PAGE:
With HIV infection becoming less of a deadly disease with no cure to more of a mangeable chronic illness, the World Health Organization (WHO) is ramping up efforts to completely eliminate the virus. They are calling for earlier treatment in those diagnosed with a human immunodeficiency virus (HIV) infection, which they say will help save an additional three million lives and prevent 3.5 million new HIV infections by 2025.

"These guidelines represent another leap ahead in a trend of ever-higher goals and ever-greater achievements," Dr. Margaret Chan, WHO director-general, said in a statement. "With nearly 10 million people now on antiretroviral therapy, we see that such prospects — unthinkable just a few years ago — can now fuel the momentum needed to push the HIV epidemic into irreversible decline."

WHO is calling for new guidelines after enrollment of antiretroviral therapy (ART) increased at a faster rate than ever before between 2011 and 2012. In kids and adults, the number of people treated rose by 10 and 20 percent, respectively. This accounted for coverage throughout the world, with the highest increase in sub-Saharan Africa, where four out of five people who started ART treatment from 2011-2012 live. WHO wants to increase the number of people on ART from 9.7 million to 26 million. There are currently 34 million people worldwide living with HIV.

Under the new guidelines, countries would be encouraged to start treatment when an HIV positive person's CD4 count — or T-helper cells — falls to 500 cells per cubic millimeter (mm3). Treatment would start much earlier, as previous guidelines were set at 350 cells/mm3 in 2010, and 200 cells/mm3 in 2002. As of now, 90 percent of all countries have adhered to the 2010 WHO guidelines.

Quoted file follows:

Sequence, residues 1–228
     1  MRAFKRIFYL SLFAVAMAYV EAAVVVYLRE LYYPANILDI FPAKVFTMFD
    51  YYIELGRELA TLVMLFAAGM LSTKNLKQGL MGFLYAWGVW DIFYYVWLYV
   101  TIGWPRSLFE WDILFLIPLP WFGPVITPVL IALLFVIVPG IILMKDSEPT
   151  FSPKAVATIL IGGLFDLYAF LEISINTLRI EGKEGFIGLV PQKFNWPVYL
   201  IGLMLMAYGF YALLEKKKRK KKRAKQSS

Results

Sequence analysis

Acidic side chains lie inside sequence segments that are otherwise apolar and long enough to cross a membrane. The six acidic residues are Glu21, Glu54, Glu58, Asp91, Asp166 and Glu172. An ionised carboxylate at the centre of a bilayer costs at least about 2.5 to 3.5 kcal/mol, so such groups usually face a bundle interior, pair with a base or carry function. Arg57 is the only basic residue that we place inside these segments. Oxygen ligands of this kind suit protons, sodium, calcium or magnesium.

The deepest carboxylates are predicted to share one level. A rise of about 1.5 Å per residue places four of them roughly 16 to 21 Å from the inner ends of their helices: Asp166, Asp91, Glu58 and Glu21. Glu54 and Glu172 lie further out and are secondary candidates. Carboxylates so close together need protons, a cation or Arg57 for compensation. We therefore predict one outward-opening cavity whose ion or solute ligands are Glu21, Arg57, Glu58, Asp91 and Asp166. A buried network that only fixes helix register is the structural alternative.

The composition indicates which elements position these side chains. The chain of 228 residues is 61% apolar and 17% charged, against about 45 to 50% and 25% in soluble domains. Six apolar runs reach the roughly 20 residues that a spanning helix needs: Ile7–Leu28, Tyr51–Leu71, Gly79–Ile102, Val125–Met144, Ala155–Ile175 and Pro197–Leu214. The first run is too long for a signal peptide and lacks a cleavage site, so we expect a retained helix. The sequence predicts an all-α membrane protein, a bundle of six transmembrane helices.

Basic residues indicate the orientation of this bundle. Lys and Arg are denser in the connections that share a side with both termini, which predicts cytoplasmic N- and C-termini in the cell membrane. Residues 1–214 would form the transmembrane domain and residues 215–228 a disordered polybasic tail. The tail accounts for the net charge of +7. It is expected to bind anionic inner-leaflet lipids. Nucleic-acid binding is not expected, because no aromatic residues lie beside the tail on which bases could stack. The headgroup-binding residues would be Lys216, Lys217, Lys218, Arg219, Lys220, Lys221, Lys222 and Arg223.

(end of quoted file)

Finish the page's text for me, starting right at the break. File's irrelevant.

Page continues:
The guidelines also encourage all HIV positive women who are pregnant or breastfeeding, any children under age 5 with an HIV infection, or any uninfected person with an infected partner to get treatment, regardless of what their CD4 count is.

"Advances like these allow children and pregnant women to access treatment earlier and more safely, and move us closer to our goal of an AIDS-free generation," UNICEF Executive Director Anthony Lake, told the media. "Now, we must accelerate our efforts, investing in innovations that allow us to test new born babies faster and giving them the appropriate treatment so that they enjoy the best possible start in life."

All HIV patients receiving ART should also check their viral load regularly, since doing so will allow health workers to be sure the medications are lowering the amount of virus in the blood. Patients will also feel more encouraged to take their medications if they see the virus is diminishing.

"There's no greater motivating factor for people to stick to their HIV treatment than knowing the virus is 'undetectable' in their blood," said Gilles van Cutsem, medical coordinator in South Africa for Médecins Sans Frontières (MSF), an international medical humanitarian organization.

However, many of the countries most plagued by HIV are also low- and middle-income. The new guidelines are expected to cost an extra $2.3 billion a year, or about 10 percent more than the world currently spends on HIV prevention. It's still unclear if donors will be willing to provide more money. But the cost of HIV drugs have been decreasing. Since 2004, they've gone from about $1,000 a year for one person to about $400 in 2011.

Many of the drugs come from Indian generics companies, which are the lead supplier for the poorer countries in Africa, and major Western drug makers, such as Gilead Sciences, Johnson & Johnson, and ViiV Healthcare, the majority of which are owned by GlaxoSmithKline.

"These new treatment recommendations are ambitious, and needed; they're also feasible," Dr. Unni Karunakara, the president of Doctors Without Borders, said in a statement. "Now is not the time to be daunted, but to push forward with what we know works to get the best treatment possible to the most people, as soon as possible."